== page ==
“Education is not preparation for life; education is life itself.”
This book is consisted on eight parts, in first part John Dewey talks about the traditional and progressive education. Second book is about the Need of a Theory of Experience, in third part he sets the criteria of Experience. In part four he explains about the Social Control in life and further in part five he elaborates the Nature of Freedom. Then he continues with the Meaning and purpose of freedom in part six. Part seven is about
Progressive Organization of Subject Matter and in the last part he tells the Means and Goal of Education.
John Dewey is the Modern Father of Experience and Education. The greatest educational thinker of 20th century. His idea was that children came to school to do things and live in a community which gave real, guided experiences which foster their capacity to contribute to society. He believed that students should be involved in the real life tasks and challenges. His views continue to strongly influence the design of innovate educational approaches such as, in out door education, adult raining and experiential therapies.
Experience is the main theme as well as the goal of education for John Dewey in this book. He says, “Progressive education, to accomplish its goals, must be based on intelligently directed development of the possibilities inherent in ordinary experience.”
Traditional education has been criticized as one that imposes on students from the outside and from above by teachers. Students’ limited experiences make the adult nature of the imposed material irrelevant and hard to understand. Progressive education has arisen, in part, because of dissatisfaction with traditional education. It offers freedom from the static nature of traditional education and growth through students’ present experience.
Further he talks about that all experience is not educative. Experiences, as in the traditional schools, can be mis-educative if they are static, don’t contribute to students’ growth, or don’t lead students to understand or appreciate later experience. The primary justification of progressive schools is that, by providing better experience, they provide students with better preparation for lifetime appreciation, independence, and development. However, progressive education, when it is done right, is not simple.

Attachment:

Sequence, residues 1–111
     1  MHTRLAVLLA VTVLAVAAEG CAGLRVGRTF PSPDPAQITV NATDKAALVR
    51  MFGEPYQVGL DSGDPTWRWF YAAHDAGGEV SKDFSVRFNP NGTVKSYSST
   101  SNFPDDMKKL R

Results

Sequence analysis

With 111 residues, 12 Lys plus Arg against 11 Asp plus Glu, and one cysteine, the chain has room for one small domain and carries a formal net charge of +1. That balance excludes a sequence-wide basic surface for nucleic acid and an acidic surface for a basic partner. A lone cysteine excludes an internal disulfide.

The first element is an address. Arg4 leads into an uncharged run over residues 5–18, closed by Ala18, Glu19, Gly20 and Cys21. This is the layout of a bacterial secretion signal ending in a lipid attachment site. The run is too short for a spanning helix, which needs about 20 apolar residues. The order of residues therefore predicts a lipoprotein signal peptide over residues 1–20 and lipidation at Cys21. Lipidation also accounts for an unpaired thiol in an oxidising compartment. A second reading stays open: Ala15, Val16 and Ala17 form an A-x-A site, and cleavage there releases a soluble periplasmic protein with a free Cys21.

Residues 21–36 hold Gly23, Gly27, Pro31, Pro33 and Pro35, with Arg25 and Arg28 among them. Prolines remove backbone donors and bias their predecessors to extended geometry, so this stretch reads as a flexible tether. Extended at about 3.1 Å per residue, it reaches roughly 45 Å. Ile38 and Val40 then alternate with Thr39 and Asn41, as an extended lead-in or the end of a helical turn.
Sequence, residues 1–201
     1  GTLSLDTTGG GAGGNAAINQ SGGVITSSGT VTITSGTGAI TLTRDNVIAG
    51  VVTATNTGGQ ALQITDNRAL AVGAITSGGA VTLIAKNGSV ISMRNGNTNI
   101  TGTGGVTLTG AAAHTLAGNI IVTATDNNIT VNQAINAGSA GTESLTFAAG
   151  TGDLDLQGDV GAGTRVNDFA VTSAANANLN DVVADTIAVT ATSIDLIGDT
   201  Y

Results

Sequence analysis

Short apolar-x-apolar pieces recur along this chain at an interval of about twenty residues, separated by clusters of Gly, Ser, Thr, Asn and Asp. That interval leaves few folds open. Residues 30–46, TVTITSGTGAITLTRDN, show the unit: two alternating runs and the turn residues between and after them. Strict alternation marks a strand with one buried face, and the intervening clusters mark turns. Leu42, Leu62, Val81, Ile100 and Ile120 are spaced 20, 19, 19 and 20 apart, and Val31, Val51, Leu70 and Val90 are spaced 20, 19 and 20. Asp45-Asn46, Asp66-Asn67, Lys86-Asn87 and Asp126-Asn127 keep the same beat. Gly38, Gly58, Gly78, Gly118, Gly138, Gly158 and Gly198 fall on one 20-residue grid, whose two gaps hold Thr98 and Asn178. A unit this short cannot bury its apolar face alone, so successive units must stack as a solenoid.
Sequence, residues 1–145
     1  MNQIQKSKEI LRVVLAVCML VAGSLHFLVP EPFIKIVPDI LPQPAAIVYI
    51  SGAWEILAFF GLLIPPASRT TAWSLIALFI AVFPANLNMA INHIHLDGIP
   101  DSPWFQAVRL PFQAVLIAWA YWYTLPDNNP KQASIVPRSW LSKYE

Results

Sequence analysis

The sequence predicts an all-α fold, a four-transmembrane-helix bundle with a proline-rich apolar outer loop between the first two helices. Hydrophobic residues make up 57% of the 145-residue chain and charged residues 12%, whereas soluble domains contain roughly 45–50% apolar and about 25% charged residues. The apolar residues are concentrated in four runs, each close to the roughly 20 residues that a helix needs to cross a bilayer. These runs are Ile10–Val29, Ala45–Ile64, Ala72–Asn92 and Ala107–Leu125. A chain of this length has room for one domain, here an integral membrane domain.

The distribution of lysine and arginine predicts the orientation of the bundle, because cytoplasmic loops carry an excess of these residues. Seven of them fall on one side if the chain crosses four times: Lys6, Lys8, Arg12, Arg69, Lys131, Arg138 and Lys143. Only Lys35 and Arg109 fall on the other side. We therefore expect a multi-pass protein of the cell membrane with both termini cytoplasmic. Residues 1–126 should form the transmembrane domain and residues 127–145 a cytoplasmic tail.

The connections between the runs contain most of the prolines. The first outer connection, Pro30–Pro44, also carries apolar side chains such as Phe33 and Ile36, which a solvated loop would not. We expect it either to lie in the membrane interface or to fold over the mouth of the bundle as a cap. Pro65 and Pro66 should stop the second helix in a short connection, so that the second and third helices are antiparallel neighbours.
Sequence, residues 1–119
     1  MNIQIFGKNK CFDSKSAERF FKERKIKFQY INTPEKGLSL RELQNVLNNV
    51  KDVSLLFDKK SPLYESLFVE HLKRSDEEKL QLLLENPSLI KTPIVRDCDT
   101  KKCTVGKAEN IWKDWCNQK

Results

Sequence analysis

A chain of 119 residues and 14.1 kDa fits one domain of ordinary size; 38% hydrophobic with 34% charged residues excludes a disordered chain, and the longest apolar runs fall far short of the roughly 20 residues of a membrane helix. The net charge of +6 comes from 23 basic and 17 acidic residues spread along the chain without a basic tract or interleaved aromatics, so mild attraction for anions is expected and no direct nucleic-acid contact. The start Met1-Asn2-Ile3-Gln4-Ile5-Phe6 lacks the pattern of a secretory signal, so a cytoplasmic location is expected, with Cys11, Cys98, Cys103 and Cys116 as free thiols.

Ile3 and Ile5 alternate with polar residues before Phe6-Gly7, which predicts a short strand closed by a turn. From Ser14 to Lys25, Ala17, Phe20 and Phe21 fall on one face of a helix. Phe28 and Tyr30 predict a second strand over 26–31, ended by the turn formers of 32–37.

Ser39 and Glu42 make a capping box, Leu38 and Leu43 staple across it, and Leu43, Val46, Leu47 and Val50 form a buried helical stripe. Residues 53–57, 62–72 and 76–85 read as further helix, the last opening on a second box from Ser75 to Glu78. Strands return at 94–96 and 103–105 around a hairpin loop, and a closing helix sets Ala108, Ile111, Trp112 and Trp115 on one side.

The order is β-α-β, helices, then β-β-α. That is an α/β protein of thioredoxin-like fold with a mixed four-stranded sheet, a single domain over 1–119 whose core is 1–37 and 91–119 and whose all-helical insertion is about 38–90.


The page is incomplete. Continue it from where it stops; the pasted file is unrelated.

If we believe in the democratic ideal, why wouldn’t we want children to have experience with democratic social arrangements and positive interactions, as in progressive schools? The manner in which students learn is as important as what subject-matter they learn; they should be taught in a manner consistent with their becoming positively interactive, democratic, and dynamic learners.
He says that everyone experiences social control in life, but this does not have to represent autocratic rule. Social control of individual actions, by agreement and by the members of a group for the benefit of the members of the group, is common and accepted. Teachers should act or speak firmly, when needed, in behalf of the group. Students should be participants in group planning as well as activities. The teacher should
be a member of the group, the most mature and experienced member. Children should learn manners and should use them when participating, planning, and interacting with others.
For Dewey the most important freedom is freedom of intelligence. Freedom of movement does not automatically create freedom of intelligence, but it can be a means to that end, since it can allow the teacher to know the child better and the child to know himself better. Freedom should be of a type that helps students learn to control their impulses and desires. The ideal aim of education is to create intelligent self-control. He says that individual freedom is achieved with the ability to identify desires and create a plan that makes those desires or ideas into realities. It is a teacher’s obligation to provide students with the opportunity to participate actively in the process of creating such a plan of action. : Traditional education has been criticized as failing to teach critical discrimination and the ability to reason. The scientific method should be used to derive the significance of everyday experience and subject matter as well as discovery of the potentialities inherent in experience. Any study must fall within the scope of ordinary, everyday experience.
For Dewey Progressive education, to accomplish its goals, must be based on intelligently directed development of the possibilities inherent in ordinary experience. Those who think progressive education is not successful or valuable are doing it wrong. Progressive education can only succeed when certain conditions apply: Primarily, this involves use of sound standards and methods to achieving its goals, which are based on providing the best educational experience possible to create confident, self-controlled, and capable citizens. Experience is the means as well as the goal.
Analyzing both "traditional" and "progressive" education, Dr. Dewey here insists that neither the old nor the new education is adequate and that each is mis educative because neither of them applies the principles of a carefully developed philosophy of experience. Many pages of this volume illustrate Dr. Dewey's ideas for a philosophy of experience and its relation to education. He particularly urges that all teachers and educators looking for a new movement in education should think in terms of the deeper and larger issues of education rather than in terms of some divisive about education.